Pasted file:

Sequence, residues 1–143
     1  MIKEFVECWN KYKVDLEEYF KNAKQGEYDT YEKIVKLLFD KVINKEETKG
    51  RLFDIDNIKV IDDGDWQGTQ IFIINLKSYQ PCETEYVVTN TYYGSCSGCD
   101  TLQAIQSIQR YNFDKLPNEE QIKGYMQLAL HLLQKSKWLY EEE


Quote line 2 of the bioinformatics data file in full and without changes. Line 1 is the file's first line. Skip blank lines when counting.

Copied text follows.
     1  MIKEFVECWN KYKVDLEEYF KNAKQGEYDT YEKIVKLLFD KVINKEETKG